Research suggests that those people with a non-O blood group have a slightly increased risk of cardiovascular disease: specifically, heart attack and stroke.
The research analyzed studies involving 1.3 million people; the data was presented at the European Society of Cardiology. The data found that 15 in1,000 people with a non-O blood group suffered a heart attack, compared to 14in 1,000 people with the O blood group. While the increase seems small, ‘when applied to a whole population the numbers become more important.’
Scientists suggest that these findings can be attributed to the fact that people with A, B, and AB blood have higher levels of a blood-clotting protein. Previous research has found that people with AB blood, the rarest type, are 23%more likely to suffer heart disease—the most vulnerable population.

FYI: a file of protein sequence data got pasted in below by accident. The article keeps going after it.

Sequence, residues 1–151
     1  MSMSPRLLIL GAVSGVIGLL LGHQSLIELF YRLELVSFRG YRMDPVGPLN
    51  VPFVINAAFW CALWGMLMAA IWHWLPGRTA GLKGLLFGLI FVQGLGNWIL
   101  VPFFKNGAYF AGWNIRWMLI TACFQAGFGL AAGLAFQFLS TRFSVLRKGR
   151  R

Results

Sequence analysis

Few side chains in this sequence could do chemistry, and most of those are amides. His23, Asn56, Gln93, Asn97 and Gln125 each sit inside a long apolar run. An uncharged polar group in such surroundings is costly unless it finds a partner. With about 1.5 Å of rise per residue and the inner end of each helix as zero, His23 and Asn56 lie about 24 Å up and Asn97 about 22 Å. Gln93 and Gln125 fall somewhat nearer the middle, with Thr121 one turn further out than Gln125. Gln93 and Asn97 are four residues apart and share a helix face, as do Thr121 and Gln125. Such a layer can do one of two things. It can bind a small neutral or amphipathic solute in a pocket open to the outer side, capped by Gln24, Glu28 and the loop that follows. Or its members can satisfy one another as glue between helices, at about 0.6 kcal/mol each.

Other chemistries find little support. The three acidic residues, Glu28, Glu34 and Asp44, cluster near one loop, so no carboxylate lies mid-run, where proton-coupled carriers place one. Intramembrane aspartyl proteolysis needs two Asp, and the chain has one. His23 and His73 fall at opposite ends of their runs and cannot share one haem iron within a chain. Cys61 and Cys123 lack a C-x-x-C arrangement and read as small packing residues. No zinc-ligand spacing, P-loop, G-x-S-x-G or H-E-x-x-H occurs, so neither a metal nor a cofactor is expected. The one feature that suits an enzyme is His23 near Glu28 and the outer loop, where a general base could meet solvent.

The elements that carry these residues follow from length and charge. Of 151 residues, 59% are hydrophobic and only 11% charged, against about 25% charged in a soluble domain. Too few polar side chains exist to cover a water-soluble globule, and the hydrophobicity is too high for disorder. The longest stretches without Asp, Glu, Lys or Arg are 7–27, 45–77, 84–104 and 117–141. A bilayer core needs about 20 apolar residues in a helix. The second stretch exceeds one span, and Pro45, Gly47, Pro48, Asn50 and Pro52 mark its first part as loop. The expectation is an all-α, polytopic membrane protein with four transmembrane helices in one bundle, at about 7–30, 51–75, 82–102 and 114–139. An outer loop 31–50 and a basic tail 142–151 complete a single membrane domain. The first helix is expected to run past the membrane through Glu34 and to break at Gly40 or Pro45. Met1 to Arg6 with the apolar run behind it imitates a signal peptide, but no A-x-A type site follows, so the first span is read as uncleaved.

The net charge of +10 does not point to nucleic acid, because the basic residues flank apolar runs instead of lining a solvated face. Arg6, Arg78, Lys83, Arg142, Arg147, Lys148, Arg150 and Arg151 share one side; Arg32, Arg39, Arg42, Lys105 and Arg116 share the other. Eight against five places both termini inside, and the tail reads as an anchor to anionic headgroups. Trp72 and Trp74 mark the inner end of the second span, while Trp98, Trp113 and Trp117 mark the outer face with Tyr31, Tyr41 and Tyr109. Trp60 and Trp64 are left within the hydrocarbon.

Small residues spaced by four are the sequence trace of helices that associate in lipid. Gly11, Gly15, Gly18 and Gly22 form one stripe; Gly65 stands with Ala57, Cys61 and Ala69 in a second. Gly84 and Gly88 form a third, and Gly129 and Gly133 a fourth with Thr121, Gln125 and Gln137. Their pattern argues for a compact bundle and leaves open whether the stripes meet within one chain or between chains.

Notwithstanding the findings, most cardiologists and physicians agree that a person’s risk estimation for cardiovascular disease is primarily determined by age, genetics, and other modifiable factors including nutrition and diet, and level of physical activity.